The three questions you must ask when creating a community
During our hiatus I had some people say that they were enjoying the Grow Your Community show, but they were new to community building and didn't know where to start.
There is a great article that I have somewhat boiled down into some quick and easy bites of insight for you.
First things first realize that just buying some community software from our resource area isn't the key to a successful community. As the old saying goes:
"Measure twice - cut once."
This goes for communities as well. When I help people with their podcasts at the School of Podcasting I always state that it's not the technology that leads to a successful podcast. I say to spend $100 on a microphone and 100 hours getting to know your audience.
It's the same here with a community. How can you make a community to serve your audience if you don't know what they need?
There are all sorts of ways you can see what they need. You can look at the comments on a YouTube video about a topic your community would be interested in.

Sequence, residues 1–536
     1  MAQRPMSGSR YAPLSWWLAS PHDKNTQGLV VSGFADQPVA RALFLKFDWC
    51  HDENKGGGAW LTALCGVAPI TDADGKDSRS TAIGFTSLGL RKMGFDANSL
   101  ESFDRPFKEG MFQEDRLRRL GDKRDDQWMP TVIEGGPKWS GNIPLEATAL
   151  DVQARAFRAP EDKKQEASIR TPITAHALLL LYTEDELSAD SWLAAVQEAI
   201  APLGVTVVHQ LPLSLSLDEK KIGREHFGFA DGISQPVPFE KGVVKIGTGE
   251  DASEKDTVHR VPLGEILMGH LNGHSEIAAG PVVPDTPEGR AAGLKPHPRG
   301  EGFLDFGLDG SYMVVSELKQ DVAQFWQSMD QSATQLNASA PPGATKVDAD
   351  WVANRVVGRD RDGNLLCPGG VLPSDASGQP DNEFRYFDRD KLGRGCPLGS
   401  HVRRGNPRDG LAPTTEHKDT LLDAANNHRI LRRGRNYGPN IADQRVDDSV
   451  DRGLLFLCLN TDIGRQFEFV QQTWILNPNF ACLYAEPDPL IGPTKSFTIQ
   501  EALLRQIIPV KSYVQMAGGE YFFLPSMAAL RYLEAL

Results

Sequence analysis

You can check out books about your topic and look at the 2 and 4-star reviews. These reviews typically give specific reasons why they received the reviews.
QUALITY OVER QUANTITY
As you start to figure out who your community is for, you can start by figuring out who it is NOT for. This means you will be limiting the membership and that is OK. The result of having a hyper-focus group of people together is you will have a smaller group with DEEPER discussions. This adds to the "Information I can't get any places else" factor.
THE THREE QUESTIONS
Who is my community for (and not for)?
What will my members do together?
Why does it matter? (So that they can ____)
I talking about niching down for a podcast in this episode of "Your Podcast Consultant" and it applies to communities as well.
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